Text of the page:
Saturday, September 28, 2013

Book review: "A Walk in the Woods: Rediscovering America on the Appalachian Trail"

This isn't a perfect book. Like the author's hike along the Appalachian Trail, "A Walk in the Woods" has its ups and downs. But Bill Bryson has such an easy and inviting writing style that you can't help but be carried along, chuckling, sympathizing, understanding. This is the kind of book you might pick up and before you know it an hour has gone by.

Bryson is witty, observant, and succinct. Unlike some outdoors writers who feel they have describe every leaf in the forest, Bryson shows that much can be told in short, colorful passages. When joined on the trail by his sometimes-hiking partner Stephen Katz, Bryson's narrative is at its best (we need more Katz!).

Even in mundane settings, at cheap motels and muddy camping shelters, the author manages to have interesting encounters and describes them well. Along with the pains and travails of his hike, Bryson mixes in some history and an occasional lesson in natural science. He reminds us that much of what we take for granted is fragile, temporary and fleeting.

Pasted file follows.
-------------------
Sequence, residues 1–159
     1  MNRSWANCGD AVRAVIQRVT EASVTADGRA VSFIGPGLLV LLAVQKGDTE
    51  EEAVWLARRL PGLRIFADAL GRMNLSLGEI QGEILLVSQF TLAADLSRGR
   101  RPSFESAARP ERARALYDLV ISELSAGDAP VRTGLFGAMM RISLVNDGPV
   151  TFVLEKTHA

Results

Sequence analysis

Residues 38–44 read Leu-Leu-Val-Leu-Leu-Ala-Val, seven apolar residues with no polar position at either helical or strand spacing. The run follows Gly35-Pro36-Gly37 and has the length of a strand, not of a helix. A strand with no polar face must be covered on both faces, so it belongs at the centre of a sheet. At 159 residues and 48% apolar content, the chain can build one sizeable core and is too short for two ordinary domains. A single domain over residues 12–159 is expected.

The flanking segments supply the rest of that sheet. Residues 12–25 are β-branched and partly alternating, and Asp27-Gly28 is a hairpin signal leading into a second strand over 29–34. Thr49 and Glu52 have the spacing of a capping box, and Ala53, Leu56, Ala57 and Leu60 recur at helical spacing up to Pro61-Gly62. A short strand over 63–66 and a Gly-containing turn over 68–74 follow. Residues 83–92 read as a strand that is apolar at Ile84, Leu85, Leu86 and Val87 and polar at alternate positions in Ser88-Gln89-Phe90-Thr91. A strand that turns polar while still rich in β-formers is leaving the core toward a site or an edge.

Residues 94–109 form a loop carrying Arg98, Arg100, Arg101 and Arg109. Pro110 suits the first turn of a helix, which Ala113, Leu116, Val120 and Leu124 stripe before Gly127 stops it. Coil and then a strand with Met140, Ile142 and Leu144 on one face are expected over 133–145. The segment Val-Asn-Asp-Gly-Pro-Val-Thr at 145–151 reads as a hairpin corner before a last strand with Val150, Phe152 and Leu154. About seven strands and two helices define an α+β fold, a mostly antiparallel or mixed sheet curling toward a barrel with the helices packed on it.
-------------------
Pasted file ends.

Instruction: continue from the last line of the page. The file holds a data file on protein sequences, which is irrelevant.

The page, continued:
He even manages to make the theory of continental drift entertaining: "The continents didn't just move in and out from each other in some kind of grand slow-motion square dance but spun in lazy circles, changed their orientation, went on cruises to the tropics and poles, made friends with smaller landmasses and brought them home."

I do have some quibbles. Sometimes, Bryson goes off on an opinionated tangent (e.g., the National Park Service stinks) that doesn't fit in well. Also, some of the dialogue is just too perfectly funny; I have no doubt that he used plenty of literary license. Those are minor complaints, though. The book is a pleasure to read.


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